Pte Alexander MacDonald, 2nd Batt, The Gordon Highlanders

Pte Alexander MacDonald, 2nd Batt, The Gordon Highlanders
This photo was probably taken before 1937 while serving in India

Alexander MacDonald was born on the 5th of January 1912 at Tarsappie, Muthill in Perthshire the second eldest of a family of ten. Muthill was the home area of his parents Sandy and Mary MacDonald, his father being a farm servant there for a time. Alexander was also known as Sandy or more usually "Bunt" to his family and friends. It is known that his father served with The Black Watch during WW1 and received a serious arm injury on the Somme battlefield in 1916. It is likely he served with the 6th (Perthshire) Battalion - Territorial Force, who were in action in the Attacks on High Wood on 20th - 25th July.

Leith Hall Red Croos Auxilliary Hospital The Laird, C.E.N Leith Hay Mrs Leith Hay Sandy Macdonald, Snr

Staff and patients at Leith Hall Auxiliary Hospital c1916
Sandy Macdonald is seated front, 3rd from left

He was to become one of 540 servicemen who recuperated from their injuries in the Red Cross Auxiliary Hospital which was established in the mansion house of Leith Hall in October 1914. This small hospital, and many others like it throughout the country, provided splendid nursing care and relieved the pressure on the main hospitals during The Great War. It was ably run by the Laird and Mrs Leith Hay until it closed in March 1919.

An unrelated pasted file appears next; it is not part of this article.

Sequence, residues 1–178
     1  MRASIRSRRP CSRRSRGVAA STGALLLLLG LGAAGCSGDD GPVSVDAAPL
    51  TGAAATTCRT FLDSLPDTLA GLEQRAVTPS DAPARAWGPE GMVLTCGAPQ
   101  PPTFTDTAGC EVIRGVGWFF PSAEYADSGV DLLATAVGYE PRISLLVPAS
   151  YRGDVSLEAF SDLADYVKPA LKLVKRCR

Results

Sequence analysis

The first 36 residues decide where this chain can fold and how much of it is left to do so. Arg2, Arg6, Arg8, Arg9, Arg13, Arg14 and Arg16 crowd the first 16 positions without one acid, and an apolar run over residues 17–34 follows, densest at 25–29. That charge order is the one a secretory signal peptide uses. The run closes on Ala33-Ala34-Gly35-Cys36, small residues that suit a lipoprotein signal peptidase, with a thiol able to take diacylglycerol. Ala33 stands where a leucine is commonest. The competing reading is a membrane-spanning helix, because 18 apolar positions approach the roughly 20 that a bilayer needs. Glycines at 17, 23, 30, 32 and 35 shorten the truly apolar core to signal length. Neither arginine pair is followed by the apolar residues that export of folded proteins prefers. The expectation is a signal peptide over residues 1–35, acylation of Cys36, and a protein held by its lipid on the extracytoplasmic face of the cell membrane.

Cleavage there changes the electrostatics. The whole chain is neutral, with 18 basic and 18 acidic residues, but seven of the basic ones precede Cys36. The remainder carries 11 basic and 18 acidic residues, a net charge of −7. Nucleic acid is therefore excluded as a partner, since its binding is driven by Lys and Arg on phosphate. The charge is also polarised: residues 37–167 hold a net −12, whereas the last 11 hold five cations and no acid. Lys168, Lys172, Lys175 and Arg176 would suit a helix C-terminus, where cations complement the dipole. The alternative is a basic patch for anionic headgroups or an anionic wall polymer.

The Royal Red Cross, 2nd Class was awardedby the King to The Hon Mrs Louisa Henrietta Valdivia Leith Hay, Matron, Leith Hall Auxiliary Hospital
( London Gazette 6 Aug 1919 )


Sandy MacDonald & CEN Leith Hay

Sandy Macdonald and The Laird at Leith Hall 1916.
He is still recovering from the arm injuries which ended his war service.


It it well known that the Laird, Mr C.E.N. Leith Hay took a very keen interest in his patients and this accounts for Sandy MacDonald, Snr bringing his family from Perthshire to Kennethmont and working for him on being invalided out of the army. The family had no other links with the area. In the 1917-18 Valuation Roll he is the occupant of a Gardeners Cottage at Leith Hall, his occupation is given as a soldier. Still a soldier in 1919 the family are living at Rannes Cottage and by 1922 have moved to another Estate house at Pittendreigh where they remained until C.E.N. Leith Hay's death in 1939. While employed at Leith Hall Sandy MacDonald was the Laird's chauffeur and handyman. He then worked in this capacity for Major Barclay-Milne at Logie Estate, Pitcaple and lived at Whiteford. He was working as a gardener on his retiral.


Selarang Barracks
2nd Gordons on parade at Selarang Barracks

Chungkai War Cemetery entrance

Chungkai War Cemetery near the site of
the Chungkai Base Camp.

Sandy MacDonald and two of his brothers choose to join the regular army and served with The Gordon Highlanders. Hugh was evacuated home early in the war with TB and subsequently died of the disease. Jim, in the 1st Bn, also became a POW when the entire Highland Division (10,000 men) were ordered to surrender to the German General Rommel at St Valery en Caux, France on 12th June 1940. Thus began four and a half years in captivity in Germany and Eastern Europe. Bill and Duncan served in the Royal Navy. Their sisters Jean, Mary and Ina joined the ATS.

Sandy served with the 2nd Gordon Highlanders from 31st May 1929 to 8th April 1937 and it is known that during this time he was in India.

The 2nd Gordons were posted to Gibralter in October 1936. They moved to Singapore and occupied the newly completed Selarang Barracks at Changi in March 1937.

On completing his service Sandy would have been liable for reserve service or recall to his battalion. It is believed he returned to his former unit in Singapore soon after war broke out in September 1939.